11Patient Assessment Criteria Tools to help nurses evaluate patient characteristics that affect decision making about equipment and techniques for safe patient handling
35Elements of a ‘Best Practice’ Patient Handling Program –VA BIRNs-Back Injury Resource NursesPeers selected for high-risk nursing units who are specially trained in the identification of workplace hazards, in the criteria for assessing safe patient handling and movement, and in the use of algorithms. The role also includes onsite training and evaluation of peers regarding the proper use of equipment“After Action Review”Knowledge the team has gained by performing a task in one setting and how it is applied in a different setting
36Research: Evaluation of “Best Practice” Program Elements Evidence TablesBiomechanical StudiesPrimary Evaluation of Multifaceted Programs that include patient handling equipmentSystematic Reviews
37Primary Evaluation Studies (1) 13 Studies Examined Multiple “Best Practice” Program ElementsOverhead Lifts in long-term care facilities were most effective at reducing the risk of injury.The combination of mechanical lift equipment and training was most effective at reducing injuries and lost workdays in the hospital setting.Refresher training improves/sustains adoption of safe patient handling practices.Some studies found the use of algorithms to guide staff in deciding which transferring and/or lifting method (equipment) to use were effective.
38Primary Evaluation Studies (2) Lift Teams were not effective as the only method for addressing patient handling requirements, nursing staff did not want to wait for a Lift Team member to show up to do the task.
39Adoption of Safe Patient Handling Practices: What Research Tells Us Prior studies have reported promising results of reduction of patient handling injuries when patient handling equipment was used (Owen et al., 2002; Evanoff et al., 2003; Engvist et al., 2000; Byrnes et al., 2004).Regardless of outcome, all of these studies reported that barriers in the work process hindered adoption of patient handling equipment use.
40Barriers to Equipment Use and Other Best Practices Lack of knowledge on how to use equipmentInfrequent trainingPoor accessibility of equipmentLack of perceived needLack of time to use equipmentLack of staff to assist with patient moves/transfersLack of motivation on the part of staffLack of policy (no lift/minimal lift)Rapid changing patient population disrupts implementation of intervention programsPatients may act negatively to towards it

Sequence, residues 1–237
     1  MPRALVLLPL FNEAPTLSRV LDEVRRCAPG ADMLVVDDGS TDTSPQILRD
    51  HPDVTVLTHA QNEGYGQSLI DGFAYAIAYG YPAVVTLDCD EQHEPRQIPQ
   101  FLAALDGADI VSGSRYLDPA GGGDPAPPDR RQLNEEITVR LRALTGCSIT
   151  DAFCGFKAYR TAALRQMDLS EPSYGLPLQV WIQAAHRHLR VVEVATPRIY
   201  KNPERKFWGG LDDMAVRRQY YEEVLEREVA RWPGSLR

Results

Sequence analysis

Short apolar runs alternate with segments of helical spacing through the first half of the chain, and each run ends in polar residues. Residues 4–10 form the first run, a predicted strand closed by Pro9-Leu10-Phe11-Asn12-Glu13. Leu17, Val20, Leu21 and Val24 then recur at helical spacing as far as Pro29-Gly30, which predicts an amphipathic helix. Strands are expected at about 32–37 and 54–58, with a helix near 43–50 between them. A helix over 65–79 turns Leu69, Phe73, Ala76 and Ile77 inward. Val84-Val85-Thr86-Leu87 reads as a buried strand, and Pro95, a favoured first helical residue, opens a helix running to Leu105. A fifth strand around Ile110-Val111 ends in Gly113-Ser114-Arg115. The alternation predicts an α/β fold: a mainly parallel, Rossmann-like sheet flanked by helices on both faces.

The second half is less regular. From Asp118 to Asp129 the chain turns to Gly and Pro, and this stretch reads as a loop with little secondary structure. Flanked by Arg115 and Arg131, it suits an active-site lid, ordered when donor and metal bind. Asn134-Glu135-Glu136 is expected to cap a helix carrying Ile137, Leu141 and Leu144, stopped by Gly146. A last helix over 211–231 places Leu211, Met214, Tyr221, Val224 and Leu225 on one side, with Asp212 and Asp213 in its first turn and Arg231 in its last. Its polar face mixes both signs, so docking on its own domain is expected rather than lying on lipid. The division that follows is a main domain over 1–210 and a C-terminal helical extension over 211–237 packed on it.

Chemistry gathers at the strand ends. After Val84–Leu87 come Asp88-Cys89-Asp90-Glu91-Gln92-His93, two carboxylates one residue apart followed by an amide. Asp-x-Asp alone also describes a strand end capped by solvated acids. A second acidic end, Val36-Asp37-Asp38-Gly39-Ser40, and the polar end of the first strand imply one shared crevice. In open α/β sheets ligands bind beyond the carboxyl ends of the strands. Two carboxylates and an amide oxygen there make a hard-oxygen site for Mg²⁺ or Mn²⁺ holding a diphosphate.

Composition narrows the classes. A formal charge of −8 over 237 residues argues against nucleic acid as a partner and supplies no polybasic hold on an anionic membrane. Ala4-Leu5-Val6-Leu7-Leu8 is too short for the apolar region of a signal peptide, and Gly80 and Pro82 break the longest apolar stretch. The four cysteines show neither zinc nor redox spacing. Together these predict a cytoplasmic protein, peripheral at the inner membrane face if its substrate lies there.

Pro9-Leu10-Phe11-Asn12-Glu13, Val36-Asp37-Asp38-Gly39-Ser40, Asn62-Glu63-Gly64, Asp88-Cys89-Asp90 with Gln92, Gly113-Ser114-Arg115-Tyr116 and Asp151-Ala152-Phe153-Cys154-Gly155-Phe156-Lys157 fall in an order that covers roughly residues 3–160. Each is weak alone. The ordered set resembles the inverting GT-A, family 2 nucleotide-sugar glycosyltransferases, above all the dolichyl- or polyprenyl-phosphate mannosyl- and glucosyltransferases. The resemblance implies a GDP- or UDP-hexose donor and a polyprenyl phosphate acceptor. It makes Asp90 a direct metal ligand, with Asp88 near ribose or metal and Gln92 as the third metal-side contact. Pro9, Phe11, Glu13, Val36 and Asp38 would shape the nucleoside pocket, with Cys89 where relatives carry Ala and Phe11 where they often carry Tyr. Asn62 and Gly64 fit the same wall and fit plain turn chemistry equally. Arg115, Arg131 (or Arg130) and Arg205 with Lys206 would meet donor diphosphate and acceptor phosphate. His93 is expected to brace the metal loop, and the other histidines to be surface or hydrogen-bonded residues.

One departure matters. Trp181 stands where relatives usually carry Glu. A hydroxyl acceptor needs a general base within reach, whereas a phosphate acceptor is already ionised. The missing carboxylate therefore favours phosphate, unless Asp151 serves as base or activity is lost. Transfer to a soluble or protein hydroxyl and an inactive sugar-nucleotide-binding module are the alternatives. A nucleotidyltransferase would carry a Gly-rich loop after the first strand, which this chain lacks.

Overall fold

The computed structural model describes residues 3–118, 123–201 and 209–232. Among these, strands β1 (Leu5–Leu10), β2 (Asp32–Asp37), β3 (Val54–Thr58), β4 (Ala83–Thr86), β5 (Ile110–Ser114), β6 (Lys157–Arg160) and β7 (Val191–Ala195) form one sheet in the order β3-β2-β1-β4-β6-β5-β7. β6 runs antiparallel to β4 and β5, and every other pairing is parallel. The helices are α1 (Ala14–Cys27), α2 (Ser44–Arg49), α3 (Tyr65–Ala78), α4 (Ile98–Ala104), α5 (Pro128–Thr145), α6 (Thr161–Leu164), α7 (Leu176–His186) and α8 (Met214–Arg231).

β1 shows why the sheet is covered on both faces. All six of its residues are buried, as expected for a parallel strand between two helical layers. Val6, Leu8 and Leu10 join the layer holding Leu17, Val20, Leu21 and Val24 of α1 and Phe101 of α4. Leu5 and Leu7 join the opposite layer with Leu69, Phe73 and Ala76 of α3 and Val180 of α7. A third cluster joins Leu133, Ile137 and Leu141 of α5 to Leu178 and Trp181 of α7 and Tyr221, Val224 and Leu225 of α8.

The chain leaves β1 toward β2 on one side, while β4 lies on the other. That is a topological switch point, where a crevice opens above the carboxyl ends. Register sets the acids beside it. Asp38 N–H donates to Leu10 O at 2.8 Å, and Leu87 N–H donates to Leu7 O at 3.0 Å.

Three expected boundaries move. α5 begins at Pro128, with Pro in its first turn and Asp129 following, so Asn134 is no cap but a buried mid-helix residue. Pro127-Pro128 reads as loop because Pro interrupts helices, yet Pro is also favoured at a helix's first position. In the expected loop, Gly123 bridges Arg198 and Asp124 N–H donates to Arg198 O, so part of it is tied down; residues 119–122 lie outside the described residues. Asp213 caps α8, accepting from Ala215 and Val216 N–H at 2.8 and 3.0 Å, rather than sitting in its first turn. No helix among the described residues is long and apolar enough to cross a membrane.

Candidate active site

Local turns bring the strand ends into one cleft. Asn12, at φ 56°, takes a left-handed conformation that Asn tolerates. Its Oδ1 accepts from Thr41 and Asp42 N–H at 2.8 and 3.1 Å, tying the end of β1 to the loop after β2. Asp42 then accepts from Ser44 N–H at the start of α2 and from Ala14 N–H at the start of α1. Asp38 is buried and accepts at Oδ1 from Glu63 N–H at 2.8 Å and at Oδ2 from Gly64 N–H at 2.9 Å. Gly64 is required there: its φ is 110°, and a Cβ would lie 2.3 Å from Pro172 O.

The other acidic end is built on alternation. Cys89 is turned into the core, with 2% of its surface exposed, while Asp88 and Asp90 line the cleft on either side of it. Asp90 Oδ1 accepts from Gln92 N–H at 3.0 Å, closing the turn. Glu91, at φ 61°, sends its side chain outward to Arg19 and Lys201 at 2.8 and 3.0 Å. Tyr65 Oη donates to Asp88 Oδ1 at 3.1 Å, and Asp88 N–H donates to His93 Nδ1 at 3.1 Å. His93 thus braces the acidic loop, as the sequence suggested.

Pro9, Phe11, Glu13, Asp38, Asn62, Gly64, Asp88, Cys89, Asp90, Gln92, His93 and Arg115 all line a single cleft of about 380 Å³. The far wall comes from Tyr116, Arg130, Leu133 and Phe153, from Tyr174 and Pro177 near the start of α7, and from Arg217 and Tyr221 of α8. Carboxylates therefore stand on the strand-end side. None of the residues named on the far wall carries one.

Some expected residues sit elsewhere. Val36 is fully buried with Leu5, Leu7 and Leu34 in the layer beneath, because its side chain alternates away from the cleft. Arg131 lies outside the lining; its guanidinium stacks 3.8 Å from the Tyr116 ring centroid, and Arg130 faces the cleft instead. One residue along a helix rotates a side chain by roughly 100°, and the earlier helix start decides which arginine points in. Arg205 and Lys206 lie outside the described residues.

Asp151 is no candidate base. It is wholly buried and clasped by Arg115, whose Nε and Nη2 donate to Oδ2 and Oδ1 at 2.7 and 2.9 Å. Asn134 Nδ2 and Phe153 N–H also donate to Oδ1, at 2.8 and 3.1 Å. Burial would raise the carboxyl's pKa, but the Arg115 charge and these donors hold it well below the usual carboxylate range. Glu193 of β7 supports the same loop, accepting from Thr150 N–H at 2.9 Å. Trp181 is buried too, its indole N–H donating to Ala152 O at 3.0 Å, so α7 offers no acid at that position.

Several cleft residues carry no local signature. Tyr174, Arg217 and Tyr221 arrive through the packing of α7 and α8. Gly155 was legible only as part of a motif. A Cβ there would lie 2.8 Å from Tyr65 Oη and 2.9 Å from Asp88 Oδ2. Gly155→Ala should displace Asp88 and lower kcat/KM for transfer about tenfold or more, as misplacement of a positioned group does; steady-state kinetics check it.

41Promoters to Equipment Use and Other Best Practices Management involvement and supportCombination of equipment, training and procedures to assess patient mobility needsGood communication with staff about the patient handling programUnit champions (sometimes this includes nurses who have been previously injured)Assessment of equipment that fits the patient handling needs of the patient population.Training, training, training!
42Unit-level implementation Equipment and overhead supply cabinet (not shown) are locked to prevent items from disappearing.
44Nursing Culture Patient handling is part of the job Hands-on care is a valued part of the jobNew nurses want to “fit in”Social pressure to get job done quickly
45“A Bad System Will Defeat A Good Person Every Time” - W. Edwards Deming
46Summary One-Size Fits All is not a feasible approach to developing a unit level Best Practice Patient Handling ProgramThis summary provides elements of proposed Best Practice onlyIt is best to pick elements of these proposed programs that bestFit the patient handling needs of your patient populationSelect elements that can be incorporated and tailored to fit yourunit